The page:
Despite the Premier League’s expulsion threat, the clubs say they want to remain in their domestic competitions while ditching the Champions League. The will be 20 teams, with two more joining the ‘founders’ and five qualifying through merit each season.
Real Madrid’s Florentino Perez is the chairman, Italian power-broker Agnelli is a vice-chairman along with Man United’s American owner Joel Glazer.
United, bizarrely, don’t tweet about their involvement. But all 12 clubs publicly announce their involvement. The feedback from fans online is deafeningly negative.
Agnelli conceded defeat after Premier League Big Six pulled out of the controversial project
MONDAY, APRIL 19
If anyone wasn’t taking the Super League seriously, they are now. The 12 clubs send a letter to FIFA and UEFA, issuing notice of legal proceedings in European courts to block any sanctions they try to place on them.
Meanwhile, Agnelli leads the ECA exodus. He resigns, so does Woodward. Representatives of every Super League club quit.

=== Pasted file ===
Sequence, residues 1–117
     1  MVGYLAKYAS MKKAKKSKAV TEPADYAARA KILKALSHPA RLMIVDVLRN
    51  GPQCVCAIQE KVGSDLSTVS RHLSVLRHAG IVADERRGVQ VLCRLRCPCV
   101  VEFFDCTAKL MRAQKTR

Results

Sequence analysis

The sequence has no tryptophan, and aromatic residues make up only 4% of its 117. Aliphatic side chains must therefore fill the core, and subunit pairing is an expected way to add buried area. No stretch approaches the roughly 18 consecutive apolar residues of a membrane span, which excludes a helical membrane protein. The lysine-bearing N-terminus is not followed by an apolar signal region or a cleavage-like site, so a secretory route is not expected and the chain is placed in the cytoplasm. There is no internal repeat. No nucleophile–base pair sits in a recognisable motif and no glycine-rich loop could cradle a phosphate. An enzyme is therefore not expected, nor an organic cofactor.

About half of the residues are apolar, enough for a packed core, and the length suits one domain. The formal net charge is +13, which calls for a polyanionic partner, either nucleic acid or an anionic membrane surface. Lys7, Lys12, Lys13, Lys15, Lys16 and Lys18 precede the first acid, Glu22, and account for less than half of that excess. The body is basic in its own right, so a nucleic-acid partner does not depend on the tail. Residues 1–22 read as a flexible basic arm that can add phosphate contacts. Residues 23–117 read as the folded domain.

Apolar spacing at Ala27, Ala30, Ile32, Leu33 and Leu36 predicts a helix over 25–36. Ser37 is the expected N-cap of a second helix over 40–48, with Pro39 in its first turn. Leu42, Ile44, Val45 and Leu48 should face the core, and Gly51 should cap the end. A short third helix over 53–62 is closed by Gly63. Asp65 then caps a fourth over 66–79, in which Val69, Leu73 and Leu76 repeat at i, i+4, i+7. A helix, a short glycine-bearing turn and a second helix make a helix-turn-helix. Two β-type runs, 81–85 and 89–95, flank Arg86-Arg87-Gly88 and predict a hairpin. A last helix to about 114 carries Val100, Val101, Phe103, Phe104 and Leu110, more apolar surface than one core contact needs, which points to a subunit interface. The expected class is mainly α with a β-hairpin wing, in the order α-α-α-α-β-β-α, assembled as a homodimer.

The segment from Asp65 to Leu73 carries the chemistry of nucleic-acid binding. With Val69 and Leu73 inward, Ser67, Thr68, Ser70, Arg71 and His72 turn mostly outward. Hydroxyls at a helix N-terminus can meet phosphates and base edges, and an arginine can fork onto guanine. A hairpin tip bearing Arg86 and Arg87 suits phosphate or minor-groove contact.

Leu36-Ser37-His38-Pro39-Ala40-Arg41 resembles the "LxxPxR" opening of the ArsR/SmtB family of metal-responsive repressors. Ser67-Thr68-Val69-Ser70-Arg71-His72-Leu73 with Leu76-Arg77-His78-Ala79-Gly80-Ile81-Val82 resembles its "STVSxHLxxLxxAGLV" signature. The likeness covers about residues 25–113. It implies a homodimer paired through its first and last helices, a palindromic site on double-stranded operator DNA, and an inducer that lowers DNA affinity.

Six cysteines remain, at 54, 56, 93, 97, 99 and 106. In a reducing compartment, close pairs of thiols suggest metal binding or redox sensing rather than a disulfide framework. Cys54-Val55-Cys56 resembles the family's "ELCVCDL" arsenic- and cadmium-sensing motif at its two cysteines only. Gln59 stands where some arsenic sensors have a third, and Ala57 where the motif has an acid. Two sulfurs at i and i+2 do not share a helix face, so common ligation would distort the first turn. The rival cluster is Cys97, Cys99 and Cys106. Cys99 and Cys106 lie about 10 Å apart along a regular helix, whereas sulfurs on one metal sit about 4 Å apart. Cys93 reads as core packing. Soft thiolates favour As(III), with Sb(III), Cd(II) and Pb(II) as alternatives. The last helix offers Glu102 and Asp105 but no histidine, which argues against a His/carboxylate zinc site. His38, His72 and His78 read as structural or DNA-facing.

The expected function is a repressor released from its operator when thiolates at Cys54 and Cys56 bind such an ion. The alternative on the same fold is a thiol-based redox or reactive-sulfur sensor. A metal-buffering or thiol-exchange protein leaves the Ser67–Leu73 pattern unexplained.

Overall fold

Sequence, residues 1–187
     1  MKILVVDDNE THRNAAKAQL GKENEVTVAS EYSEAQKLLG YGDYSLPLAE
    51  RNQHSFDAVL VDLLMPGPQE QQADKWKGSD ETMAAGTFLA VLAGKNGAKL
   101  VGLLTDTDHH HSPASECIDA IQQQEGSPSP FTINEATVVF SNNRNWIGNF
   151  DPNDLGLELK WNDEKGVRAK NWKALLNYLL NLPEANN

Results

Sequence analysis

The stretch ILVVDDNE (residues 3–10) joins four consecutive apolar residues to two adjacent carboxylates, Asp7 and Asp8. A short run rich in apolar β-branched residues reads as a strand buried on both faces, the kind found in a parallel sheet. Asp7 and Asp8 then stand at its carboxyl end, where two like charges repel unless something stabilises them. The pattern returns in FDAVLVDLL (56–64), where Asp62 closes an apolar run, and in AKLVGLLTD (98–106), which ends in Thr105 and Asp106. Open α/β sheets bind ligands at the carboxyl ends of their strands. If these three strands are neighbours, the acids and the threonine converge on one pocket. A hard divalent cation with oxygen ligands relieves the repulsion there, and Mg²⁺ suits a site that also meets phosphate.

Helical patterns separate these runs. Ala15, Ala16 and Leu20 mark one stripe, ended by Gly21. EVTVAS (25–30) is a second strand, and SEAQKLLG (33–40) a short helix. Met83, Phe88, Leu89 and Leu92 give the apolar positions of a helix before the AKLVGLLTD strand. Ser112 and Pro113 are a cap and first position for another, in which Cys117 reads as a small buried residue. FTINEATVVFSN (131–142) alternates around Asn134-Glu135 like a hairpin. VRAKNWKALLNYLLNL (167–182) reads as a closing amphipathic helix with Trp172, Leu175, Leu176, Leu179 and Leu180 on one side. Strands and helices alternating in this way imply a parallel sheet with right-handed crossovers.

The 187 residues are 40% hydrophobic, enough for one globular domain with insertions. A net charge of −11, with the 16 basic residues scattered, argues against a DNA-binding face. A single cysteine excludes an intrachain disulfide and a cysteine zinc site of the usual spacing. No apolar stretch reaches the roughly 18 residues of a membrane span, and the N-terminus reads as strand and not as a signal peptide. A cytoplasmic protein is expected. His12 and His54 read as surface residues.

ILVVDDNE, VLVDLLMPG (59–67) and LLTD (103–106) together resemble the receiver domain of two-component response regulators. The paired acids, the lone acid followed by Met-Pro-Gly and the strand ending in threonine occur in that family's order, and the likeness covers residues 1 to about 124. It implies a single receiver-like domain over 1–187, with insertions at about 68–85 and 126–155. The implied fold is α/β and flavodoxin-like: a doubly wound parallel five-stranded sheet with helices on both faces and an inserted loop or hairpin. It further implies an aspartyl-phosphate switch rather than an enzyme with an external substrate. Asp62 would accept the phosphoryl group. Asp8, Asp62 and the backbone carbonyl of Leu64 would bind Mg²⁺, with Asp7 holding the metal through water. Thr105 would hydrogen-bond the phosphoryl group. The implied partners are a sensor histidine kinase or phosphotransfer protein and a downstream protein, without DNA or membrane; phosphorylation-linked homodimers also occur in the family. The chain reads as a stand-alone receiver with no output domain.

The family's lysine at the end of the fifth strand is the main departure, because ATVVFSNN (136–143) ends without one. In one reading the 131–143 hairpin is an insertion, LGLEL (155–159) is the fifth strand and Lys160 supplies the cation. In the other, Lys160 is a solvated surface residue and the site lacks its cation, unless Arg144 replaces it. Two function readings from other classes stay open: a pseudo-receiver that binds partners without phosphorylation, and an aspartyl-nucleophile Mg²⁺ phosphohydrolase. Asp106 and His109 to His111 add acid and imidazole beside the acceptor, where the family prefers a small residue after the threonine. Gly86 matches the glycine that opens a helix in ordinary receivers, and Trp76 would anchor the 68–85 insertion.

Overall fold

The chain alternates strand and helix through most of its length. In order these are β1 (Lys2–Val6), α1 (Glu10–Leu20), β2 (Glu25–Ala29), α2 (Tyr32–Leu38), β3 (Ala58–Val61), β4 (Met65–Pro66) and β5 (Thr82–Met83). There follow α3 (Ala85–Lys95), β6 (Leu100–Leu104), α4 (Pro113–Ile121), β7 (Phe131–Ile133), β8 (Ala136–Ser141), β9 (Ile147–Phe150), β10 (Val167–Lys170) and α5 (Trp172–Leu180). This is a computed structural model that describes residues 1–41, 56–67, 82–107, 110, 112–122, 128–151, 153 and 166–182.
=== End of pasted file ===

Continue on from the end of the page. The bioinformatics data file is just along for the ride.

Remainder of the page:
Borussia Dortmund and Bayern Munich confirm they won’t be joining the Super League, they are sticking by the ECA’s agreements and following the wishes of their fans.
Amid the furore, Tottenham sack Jose Mourinho. What would usually be one of the biggest stories around will barely make the back pages that night.
PSG’s former Manchester United midfielder Ander Herrera is the first footballer to publicly speak out against the Super League. He says it will ‘end dreams’.
Mesut Ozil, the former Arsenal playmaker now at Fenerbahce, also speaks out. In the wider football world there are dissenting voices from Sir Alex Ferguson and Arsene Wenger. But players and managers at the clubs involved stay silent.
Chelsea boss Thomas Tuchel is first up to comment on the Super League, being quizzed on it at his press conference before their Tuesday night game against Brighton.